Kazakhstan’s Ilya Ilyin, seen here in 2012, has twice been stripped of gold medals in the 94-kilogram division because of positive doping tests. (Mike Groll/Associated Press)

Olympic weightlifting looks like it’s about to undergo a makeover. For at least one division, it may be extreme.

“The IOC wants more than anything to get rid of the 94s,” Antonio Urso, president of the European Weightlifting Federation (EWF), said this week (via Inside the Games). He was referring to the notorious men’s 94-kilogram division that has seen more positive doping tests than any other over the years.

More than one-fifth of the sport’s positive tests from the 2008 and 2012 Olympics came from competitors in the 94-kilogram division, resulting in the two-time disqualification of gold medalist Ilya Ilyin of Kazakhstan, who was initially crowned the winner in both Beijing and London.

The 2012 event was especially embarrassing for the sport. Not only was Ilyin disqualified, but so were the original silver and bronze medalists, Aleksandr Ivanov of Russia and Anatoli Ciricu of Moldova, after both men tested positive. To make matters worse, the fourth-, sixth- and seventh-place finishers also failed tests, which resulted in the original fifth-place finisher, Saeid Mohammadpour of Iran, getting the gold, while eighth-place finisher Kim Min-Jae of South Korea won silver and ninth-place competitor Tomasz Zielinski of Poland won bronze. (Incidentally, Zielinski was later banned from competing at the 2016 Olympics in Rio de Janeiro because of doping.)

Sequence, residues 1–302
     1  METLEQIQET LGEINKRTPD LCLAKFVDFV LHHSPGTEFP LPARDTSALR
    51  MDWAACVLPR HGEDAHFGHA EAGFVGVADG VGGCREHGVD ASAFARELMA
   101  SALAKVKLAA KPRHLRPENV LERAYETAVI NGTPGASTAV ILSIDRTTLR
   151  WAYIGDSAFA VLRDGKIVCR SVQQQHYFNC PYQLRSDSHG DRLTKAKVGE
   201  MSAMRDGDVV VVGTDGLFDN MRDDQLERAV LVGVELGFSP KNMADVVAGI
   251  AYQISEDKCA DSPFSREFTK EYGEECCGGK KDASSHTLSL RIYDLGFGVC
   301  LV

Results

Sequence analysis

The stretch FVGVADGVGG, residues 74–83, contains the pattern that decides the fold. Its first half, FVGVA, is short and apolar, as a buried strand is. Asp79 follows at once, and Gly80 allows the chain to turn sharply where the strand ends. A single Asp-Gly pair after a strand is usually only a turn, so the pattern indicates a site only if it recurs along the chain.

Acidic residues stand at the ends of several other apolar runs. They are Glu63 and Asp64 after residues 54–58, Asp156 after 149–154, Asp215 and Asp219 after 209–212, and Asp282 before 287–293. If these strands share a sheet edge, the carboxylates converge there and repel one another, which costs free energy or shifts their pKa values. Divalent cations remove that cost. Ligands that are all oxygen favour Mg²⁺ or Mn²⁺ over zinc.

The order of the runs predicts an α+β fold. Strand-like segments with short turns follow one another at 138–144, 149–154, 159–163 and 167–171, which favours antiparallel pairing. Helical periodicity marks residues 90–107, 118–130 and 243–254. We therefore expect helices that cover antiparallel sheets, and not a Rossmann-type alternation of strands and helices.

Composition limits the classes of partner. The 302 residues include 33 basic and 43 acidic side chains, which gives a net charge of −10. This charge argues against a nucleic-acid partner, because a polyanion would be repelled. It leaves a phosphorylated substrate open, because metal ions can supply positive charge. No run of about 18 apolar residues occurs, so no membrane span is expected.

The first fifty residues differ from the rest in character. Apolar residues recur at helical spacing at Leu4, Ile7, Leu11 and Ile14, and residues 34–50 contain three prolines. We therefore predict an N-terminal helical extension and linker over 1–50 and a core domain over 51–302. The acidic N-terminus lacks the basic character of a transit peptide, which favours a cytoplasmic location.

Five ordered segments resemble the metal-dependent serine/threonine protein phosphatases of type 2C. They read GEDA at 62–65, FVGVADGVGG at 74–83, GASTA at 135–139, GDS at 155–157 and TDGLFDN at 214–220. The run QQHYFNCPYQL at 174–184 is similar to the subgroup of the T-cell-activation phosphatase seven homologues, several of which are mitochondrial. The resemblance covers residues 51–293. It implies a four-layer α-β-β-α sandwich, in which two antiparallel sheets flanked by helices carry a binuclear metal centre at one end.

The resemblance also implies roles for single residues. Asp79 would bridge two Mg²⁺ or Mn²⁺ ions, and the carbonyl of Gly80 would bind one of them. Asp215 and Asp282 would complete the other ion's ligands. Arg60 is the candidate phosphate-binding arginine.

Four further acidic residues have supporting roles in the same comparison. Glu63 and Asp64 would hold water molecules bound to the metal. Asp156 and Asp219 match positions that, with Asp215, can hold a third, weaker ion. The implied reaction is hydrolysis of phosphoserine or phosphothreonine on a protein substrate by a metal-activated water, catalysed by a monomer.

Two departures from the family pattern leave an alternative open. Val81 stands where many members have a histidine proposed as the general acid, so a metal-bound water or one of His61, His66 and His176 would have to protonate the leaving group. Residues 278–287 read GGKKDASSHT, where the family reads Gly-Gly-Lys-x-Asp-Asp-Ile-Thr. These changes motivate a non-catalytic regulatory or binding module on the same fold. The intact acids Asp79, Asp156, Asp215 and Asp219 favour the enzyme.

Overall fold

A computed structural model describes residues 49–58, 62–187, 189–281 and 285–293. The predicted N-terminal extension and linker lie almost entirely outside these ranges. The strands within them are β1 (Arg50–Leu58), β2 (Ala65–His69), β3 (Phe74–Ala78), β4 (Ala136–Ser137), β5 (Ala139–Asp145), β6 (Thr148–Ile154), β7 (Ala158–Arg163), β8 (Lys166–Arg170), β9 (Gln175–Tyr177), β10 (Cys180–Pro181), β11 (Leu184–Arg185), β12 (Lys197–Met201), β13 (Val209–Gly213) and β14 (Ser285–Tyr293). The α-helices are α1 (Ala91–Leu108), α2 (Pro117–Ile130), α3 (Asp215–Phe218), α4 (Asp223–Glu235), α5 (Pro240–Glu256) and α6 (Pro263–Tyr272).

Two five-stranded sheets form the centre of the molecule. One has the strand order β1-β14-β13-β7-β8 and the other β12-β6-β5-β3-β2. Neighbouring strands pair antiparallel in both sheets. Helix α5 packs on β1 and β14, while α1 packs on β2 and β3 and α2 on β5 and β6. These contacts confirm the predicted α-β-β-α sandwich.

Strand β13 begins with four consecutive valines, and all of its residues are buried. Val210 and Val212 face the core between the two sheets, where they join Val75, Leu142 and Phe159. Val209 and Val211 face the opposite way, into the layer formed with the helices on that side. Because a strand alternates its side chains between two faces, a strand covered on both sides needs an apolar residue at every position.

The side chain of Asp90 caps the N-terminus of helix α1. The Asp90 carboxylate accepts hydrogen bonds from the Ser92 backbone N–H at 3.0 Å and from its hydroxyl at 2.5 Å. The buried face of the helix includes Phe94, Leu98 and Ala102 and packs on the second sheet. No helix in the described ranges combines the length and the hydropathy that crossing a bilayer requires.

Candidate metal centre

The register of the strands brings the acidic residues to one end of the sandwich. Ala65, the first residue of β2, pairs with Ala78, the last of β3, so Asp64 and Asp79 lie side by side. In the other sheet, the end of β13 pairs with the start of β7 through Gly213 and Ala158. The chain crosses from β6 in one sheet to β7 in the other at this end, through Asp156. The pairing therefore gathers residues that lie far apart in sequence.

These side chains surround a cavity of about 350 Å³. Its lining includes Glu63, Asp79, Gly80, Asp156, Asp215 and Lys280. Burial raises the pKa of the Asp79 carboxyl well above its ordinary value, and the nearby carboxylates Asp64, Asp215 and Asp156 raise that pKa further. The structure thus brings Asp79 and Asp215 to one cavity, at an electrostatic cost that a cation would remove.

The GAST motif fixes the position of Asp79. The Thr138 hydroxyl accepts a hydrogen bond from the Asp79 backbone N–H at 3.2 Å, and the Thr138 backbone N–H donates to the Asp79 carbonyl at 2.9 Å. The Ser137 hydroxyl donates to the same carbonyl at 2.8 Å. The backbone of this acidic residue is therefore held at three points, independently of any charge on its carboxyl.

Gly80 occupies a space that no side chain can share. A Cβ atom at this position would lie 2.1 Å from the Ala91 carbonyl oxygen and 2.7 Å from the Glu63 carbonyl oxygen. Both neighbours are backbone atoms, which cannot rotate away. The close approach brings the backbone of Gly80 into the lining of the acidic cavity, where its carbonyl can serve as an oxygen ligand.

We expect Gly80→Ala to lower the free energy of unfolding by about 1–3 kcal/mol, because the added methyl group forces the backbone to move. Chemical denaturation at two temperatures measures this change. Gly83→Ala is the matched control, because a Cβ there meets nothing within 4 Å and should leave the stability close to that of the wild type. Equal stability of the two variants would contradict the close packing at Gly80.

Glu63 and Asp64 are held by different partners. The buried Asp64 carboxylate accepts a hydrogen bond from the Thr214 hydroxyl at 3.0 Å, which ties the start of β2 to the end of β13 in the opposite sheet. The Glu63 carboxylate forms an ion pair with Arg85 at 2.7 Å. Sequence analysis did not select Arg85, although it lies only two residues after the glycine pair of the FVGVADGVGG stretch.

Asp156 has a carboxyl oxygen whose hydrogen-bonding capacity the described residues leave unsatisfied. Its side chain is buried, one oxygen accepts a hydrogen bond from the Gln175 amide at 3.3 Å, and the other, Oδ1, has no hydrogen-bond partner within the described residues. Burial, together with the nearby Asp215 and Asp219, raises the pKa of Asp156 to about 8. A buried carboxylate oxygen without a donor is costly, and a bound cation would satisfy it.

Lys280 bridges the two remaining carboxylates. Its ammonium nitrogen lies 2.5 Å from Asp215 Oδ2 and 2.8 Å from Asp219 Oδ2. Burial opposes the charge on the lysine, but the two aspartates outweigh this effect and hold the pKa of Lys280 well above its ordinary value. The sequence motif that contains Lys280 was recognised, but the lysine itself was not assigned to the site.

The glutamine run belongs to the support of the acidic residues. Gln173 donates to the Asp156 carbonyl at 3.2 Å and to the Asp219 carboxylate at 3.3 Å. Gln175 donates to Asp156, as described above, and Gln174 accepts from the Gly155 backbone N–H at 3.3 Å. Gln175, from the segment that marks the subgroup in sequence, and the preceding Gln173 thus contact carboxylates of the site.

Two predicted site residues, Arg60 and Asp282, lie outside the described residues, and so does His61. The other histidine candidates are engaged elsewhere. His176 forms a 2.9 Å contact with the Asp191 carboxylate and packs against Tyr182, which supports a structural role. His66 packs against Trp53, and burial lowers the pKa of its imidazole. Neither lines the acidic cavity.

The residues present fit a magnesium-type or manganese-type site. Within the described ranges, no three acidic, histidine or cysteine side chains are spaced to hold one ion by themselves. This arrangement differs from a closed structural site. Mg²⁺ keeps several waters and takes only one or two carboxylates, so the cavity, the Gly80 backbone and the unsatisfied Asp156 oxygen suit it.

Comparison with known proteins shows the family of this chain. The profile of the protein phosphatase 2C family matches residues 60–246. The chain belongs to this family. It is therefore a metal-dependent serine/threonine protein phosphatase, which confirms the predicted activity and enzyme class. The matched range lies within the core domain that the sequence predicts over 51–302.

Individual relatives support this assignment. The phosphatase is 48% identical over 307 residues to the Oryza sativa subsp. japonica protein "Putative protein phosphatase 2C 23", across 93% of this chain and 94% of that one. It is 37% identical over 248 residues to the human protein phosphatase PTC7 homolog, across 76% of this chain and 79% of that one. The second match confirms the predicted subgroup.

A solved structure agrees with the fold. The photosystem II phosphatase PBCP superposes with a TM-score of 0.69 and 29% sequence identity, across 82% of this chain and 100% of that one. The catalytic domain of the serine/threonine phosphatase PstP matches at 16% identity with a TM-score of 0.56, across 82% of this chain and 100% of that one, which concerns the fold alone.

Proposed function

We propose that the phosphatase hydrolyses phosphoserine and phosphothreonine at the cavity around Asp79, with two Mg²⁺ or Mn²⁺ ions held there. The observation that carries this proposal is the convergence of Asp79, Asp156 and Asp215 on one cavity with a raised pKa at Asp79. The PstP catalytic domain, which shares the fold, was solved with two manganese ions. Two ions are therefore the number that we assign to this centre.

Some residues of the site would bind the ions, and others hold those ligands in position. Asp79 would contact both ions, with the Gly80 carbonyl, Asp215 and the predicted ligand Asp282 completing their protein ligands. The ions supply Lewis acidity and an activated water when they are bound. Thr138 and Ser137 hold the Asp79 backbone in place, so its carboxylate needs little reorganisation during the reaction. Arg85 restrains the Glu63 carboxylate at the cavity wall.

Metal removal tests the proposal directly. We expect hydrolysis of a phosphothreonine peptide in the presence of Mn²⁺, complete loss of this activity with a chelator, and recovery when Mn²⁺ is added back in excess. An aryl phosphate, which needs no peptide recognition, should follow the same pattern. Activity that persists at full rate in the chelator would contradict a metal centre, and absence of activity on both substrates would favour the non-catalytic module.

Nixing the 94-kilogram division isn’t as simple as it appears. Simply omitting it from the program would leave a gaping hole between weight classes, which means the Olympics might have to adjust all of the classes to make things more even.

“We cannot just remove that category and keep the others, as there would be a 20-kilogram difference between one category and the next [85 and 105], and that is far too much,” Urso said.

Tokyo first announced in June that it would cut one event from the men’s competition, citing gender equity. While men have traditionally competed among eight weight classes, women have only had seven. The number of athletes allowed to enter is also expected to drop by 56 compared to last summer’s Rio Olympics.

“Our duty is to ensure that our sport is Olympic, but it may be the case in the future that not all our events are Olympic, like in many other sports,” International Weightlifting Federation chief Attila Adamfi said (via Inside the Games).

Adamfi is one of five people on the commission that will make a final decision on which events will feature in Tokyo in 2020. The commission next meets in November, but it remains unclear when it might make its final decision.

Weightlifting has long been part of the Olympic program, although it has undergone some changes since it appeared in the first iteration of the modern Olympics in 1896. After a 24-year hiatus, it returned in 1920, while weight classes — just five for men — were introduced in 1932. It would take almost 70 years for the women’s competition to enter the Games in 2000. From that year until today, the competition has remained unchanged, spanning 15 weight classes total between men and women.

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